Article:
“The peculiarity of the Gita among the great religious books of the world is that it does not stand apart as a work by itself, the fruit of the spiritual life of a creative personality like Christ, Mohammed or Buddha or of an epoch of pure spiritual searching like the Veda and Upanishads, but is given as an episode in an epic history of nations and their wars and men and their deeds and arises out of a critical moment in the soul of one of its leading personages face to face with the crowning action of his life, a work terrible, violent and sanguinary, at the point when he must either recoil from it altogether or carry it through to its inexorable completion…. The teaching of the Gita must therefore be regarded not merely in the light of a general spiritual philosophy or ethical doctrine, but as bearing upon a practical crisis in the application of ethics and spirituality to human life.” – Sri Aurobindo (Essays on the Gita pp.9)Continue reading
When an individual daringly meets life he cannot expect all the time , happy situations, favourable circumstances and a conducive arrangement of chances in his field of activity. Ordinarily , a weak man suddenly feels dejected and is tempted to leave his field of work when it is only half done. Many lose their chances of achieving the highest and desert the field of action almost at the moment when, perhaps, victory is round the corner. In order to ‘stick to his guns’ man needs a secret energy to nurture and nourish his exhausted and fatigued morale, and this sacred energy welling up in his well integrated personality is ‘fortitude’.Continue reading
There are two aspects to any action. The first is to perform the action efficiently, perfectly. However perfectly an action may be performed there is always room for improvement. Hence the saying, ‘The largest room in the world is the room for improvement!’ The second aspect is the attitude with which the action is performed. Perfection in action is rather difficult but perfection in attitude is possible. If we perform actions with the right attitude, then however small or big the action, it will become great. This is beautifully illustrated by the famous squirrel in the Ramayana, who out of love for Sri Rama tried to help the monkeys build the bridge across the ocean. The squirrel first wet itself in the water, then rolled in the sand and shook off the grains of sand on the bridge. This irritated the monkeys but Sri Rama understood the squirrel’s desire to assist in this great endeavour.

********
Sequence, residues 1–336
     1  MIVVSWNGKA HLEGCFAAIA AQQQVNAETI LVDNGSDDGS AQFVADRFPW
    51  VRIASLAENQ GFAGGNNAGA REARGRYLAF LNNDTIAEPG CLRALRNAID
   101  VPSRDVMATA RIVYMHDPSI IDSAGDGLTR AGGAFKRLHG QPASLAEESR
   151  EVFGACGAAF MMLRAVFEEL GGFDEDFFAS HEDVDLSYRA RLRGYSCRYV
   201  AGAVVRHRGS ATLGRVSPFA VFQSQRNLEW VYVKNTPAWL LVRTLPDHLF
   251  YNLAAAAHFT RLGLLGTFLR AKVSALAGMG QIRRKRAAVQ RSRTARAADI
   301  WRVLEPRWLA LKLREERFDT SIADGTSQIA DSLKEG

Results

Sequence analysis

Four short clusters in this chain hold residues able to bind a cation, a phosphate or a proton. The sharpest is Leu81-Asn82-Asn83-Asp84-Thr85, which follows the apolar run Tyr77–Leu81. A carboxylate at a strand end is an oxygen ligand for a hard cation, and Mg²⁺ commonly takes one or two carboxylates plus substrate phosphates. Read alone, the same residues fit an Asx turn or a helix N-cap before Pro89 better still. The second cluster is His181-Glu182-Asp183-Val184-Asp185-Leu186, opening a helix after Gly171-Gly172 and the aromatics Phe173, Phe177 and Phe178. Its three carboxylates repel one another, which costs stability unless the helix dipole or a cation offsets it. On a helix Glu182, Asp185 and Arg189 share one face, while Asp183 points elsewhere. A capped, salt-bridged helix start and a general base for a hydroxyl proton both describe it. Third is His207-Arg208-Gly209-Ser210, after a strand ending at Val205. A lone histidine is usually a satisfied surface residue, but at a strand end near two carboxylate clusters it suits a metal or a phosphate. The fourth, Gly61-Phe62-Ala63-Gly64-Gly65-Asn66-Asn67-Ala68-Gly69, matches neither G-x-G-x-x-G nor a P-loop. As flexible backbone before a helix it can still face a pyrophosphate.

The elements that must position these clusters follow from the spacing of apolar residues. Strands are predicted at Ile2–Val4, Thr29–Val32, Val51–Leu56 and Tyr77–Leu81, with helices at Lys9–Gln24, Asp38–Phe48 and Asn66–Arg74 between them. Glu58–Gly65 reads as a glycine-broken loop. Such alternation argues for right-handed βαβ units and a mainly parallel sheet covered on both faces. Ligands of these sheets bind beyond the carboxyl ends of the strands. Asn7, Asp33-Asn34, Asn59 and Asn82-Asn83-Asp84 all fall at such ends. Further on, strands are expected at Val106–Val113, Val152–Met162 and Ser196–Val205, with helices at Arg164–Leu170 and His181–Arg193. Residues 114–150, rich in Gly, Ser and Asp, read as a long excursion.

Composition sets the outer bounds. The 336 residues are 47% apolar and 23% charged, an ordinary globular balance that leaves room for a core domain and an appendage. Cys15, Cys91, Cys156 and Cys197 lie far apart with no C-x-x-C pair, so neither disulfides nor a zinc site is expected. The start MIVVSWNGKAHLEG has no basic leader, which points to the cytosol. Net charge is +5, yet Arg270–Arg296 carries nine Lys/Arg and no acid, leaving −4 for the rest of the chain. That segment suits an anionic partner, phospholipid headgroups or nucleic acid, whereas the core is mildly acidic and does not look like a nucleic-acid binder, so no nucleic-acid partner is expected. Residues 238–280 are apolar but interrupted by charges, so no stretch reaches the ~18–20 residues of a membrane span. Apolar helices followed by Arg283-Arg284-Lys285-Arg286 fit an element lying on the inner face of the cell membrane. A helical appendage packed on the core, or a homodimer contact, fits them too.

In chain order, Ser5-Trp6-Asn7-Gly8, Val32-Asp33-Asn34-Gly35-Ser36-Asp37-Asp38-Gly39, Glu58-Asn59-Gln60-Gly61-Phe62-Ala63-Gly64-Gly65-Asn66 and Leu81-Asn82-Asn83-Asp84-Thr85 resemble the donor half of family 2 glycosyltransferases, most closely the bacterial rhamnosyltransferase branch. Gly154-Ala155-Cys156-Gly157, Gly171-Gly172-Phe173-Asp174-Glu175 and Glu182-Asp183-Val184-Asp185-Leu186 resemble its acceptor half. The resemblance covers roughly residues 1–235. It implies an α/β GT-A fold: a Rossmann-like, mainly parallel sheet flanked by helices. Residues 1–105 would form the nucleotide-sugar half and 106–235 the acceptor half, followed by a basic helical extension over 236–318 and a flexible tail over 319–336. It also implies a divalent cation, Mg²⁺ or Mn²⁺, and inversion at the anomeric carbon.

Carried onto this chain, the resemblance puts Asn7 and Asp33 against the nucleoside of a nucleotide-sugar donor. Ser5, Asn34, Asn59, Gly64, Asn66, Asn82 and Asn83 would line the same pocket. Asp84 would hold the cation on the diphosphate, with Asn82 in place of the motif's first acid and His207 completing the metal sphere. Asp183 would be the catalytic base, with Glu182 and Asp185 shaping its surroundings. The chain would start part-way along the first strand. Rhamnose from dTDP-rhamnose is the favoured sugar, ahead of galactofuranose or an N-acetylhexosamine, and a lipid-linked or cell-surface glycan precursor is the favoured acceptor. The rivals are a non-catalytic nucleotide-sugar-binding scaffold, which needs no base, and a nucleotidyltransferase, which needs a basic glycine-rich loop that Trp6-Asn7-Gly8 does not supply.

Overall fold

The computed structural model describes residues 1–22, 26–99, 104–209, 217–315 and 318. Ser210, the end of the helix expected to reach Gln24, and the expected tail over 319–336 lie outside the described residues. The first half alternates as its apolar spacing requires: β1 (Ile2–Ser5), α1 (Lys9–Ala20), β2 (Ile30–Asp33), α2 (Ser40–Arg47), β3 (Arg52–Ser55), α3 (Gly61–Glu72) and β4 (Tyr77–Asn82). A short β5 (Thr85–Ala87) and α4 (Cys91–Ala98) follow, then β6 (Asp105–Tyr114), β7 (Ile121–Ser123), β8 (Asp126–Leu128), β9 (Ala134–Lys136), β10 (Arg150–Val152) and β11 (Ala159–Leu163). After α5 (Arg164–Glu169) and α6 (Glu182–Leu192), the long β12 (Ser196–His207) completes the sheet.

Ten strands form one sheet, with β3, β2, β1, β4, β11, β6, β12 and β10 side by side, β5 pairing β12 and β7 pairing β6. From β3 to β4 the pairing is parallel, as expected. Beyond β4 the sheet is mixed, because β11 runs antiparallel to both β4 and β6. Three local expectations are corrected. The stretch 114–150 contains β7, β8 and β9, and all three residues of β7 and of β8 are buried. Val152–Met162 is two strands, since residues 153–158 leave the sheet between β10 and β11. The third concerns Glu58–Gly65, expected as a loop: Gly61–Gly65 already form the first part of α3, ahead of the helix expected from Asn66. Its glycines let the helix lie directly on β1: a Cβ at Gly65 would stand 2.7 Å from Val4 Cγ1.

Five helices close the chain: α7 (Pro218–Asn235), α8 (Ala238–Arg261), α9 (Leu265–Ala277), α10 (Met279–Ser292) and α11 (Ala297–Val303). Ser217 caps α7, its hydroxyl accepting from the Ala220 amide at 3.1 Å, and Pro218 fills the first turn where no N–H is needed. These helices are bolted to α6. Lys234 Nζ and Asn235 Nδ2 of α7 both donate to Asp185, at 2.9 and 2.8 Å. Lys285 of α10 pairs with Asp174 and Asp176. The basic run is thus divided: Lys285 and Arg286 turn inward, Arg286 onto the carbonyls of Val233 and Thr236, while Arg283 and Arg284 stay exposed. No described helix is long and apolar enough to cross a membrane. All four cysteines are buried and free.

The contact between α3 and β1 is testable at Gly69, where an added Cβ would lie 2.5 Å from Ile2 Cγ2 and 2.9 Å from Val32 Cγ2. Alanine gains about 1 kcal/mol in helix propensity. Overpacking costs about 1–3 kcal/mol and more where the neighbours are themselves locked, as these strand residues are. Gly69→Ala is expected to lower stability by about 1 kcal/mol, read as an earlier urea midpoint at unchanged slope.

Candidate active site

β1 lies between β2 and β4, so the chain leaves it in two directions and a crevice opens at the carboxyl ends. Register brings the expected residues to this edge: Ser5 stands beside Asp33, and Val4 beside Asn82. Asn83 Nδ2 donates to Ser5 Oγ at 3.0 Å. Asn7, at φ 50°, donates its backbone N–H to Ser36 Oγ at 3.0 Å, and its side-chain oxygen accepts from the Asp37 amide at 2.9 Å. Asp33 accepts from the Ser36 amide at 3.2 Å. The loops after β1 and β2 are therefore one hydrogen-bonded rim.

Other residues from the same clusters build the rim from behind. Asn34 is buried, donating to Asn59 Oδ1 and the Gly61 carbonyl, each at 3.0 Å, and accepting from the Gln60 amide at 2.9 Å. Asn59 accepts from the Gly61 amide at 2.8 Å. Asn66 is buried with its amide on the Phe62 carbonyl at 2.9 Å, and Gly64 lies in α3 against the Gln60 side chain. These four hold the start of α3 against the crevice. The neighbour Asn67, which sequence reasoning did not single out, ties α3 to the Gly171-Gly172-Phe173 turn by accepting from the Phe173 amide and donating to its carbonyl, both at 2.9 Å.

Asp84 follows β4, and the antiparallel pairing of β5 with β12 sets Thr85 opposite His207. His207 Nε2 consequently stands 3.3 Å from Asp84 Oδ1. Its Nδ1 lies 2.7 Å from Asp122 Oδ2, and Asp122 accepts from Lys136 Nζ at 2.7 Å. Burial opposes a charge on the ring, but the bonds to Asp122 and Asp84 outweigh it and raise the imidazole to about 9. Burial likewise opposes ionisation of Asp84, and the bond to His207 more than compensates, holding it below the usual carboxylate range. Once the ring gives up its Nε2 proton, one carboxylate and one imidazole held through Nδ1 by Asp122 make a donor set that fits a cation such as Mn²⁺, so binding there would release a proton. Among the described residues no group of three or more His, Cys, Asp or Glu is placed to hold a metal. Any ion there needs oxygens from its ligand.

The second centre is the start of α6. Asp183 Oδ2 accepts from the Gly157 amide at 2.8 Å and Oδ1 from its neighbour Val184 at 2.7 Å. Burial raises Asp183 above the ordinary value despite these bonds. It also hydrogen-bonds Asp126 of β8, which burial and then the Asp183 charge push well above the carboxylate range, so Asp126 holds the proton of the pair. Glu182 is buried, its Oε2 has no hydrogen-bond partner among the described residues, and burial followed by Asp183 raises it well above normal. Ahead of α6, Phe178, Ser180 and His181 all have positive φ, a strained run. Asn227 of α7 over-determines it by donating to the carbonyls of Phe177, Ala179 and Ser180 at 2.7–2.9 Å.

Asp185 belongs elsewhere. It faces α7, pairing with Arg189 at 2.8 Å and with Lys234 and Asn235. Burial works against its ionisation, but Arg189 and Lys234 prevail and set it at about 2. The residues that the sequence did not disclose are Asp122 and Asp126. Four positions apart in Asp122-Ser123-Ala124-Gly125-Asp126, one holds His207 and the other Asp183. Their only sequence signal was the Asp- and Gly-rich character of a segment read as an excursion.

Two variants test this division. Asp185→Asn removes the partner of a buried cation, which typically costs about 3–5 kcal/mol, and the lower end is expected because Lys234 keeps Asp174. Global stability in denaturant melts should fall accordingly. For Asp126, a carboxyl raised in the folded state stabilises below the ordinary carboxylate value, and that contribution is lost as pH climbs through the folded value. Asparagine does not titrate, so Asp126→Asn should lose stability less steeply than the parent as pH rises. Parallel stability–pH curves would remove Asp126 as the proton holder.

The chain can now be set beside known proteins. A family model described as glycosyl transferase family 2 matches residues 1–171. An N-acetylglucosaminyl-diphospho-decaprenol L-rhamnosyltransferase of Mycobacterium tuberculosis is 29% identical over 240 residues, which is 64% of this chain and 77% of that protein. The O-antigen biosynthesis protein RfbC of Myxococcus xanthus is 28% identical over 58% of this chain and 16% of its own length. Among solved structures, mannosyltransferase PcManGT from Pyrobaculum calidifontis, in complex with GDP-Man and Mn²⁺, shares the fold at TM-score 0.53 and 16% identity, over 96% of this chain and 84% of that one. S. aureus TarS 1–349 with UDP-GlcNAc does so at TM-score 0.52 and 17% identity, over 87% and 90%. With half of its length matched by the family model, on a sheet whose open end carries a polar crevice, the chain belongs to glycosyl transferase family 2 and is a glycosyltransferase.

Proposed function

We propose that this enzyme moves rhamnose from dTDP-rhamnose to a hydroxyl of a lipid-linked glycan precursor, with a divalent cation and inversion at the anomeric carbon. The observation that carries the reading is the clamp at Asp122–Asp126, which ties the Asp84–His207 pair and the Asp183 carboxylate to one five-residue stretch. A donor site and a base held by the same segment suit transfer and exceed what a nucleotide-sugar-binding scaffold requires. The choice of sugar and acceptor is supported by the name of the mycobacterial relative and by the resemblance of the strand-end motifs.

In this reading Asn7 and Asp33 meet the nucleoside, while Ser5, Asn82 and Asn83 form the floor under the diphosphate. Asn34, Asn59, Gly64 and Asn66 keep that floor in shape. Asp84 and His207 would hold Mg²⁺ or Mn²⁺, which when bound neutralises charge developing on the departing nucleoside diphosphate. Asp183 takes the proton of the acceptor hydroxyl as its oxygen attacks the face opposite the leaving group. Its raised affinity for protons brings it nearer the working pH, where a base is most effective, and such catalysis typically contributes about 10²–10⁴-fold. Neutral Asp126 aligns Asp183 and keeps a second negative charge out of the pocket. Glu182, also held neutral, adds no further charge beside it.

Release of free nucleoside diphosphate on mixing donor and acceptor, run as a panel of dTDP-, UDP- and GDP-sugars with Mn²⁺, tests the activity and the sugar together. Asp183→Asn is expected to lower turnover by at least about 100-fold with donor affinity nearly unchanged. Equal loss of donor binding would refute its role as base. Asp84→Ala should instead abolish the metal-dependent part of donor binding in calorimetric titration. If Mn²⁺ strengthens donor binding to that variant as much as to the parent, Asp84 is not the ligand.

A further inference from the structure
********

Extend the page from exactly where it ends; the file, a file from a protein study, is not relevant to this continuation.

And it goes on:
So only right actions (performing one’s obligatory duties) performed with the right attitude can be termed as karma yoga; otherwise it is merely karma, action.
Man is essentially an imitating animal. This is a psychological truth. Students can be disciplined only when teachers are well behaved. The minor officials of a country cannot be kind and honest when the rulers are corrupt tyrants. Children’s behaviour depends entirely upon , and is ever controlled by , the standard of purity and culture set by their parents . The moral rejuvenation of a society in any period of history can take place only because of the example set by the leaders of that nation.
– Swamy Chinmayananda from Holy Gita , Ready Reference
The ignorant and the wise are both engaged in action. But their mental attitudes towards action differ greatly. The ignorant person has an obsession for action. He becomes involved in and attached to what he does. He binds himself emotionally to his field of activity. He acts merely to fulfil his egocentric desires. His motive is only personal profit or benefit. He sweats and toils all his life for procuring more comforts and pleasures for himself and perhaps his family. He entertains no other ideal or goal in life. The purpose of his existence does not extend beyond his personal acquisition and indulgence in this world.
“Let man lift himself by himself, let him not lower himself; his self alone is his friend, his self alone is his enemy.”
Your evolution or devolution does not depend on external forces and environmental conditions. It depends on your personal concerted effort.
You must learn to choose actions to fulfil your obligations and not merely to gain immediate success or failure. Your business is with your duty only, never with the reward or merit accruing from it. Let not the fruit of action entangle you in your actions.
The first step is Karmayoga, the selfless sacrifice of works, and here the Gita’s insistence is on action. The second is Jnanayoga, the self-realisation and knowledge of the true nature of the self and the world; and here the insistence is on knowledge; but the sacrifice of works continues and the path of Works becomes one with but does not disappear into the path of Knowledge.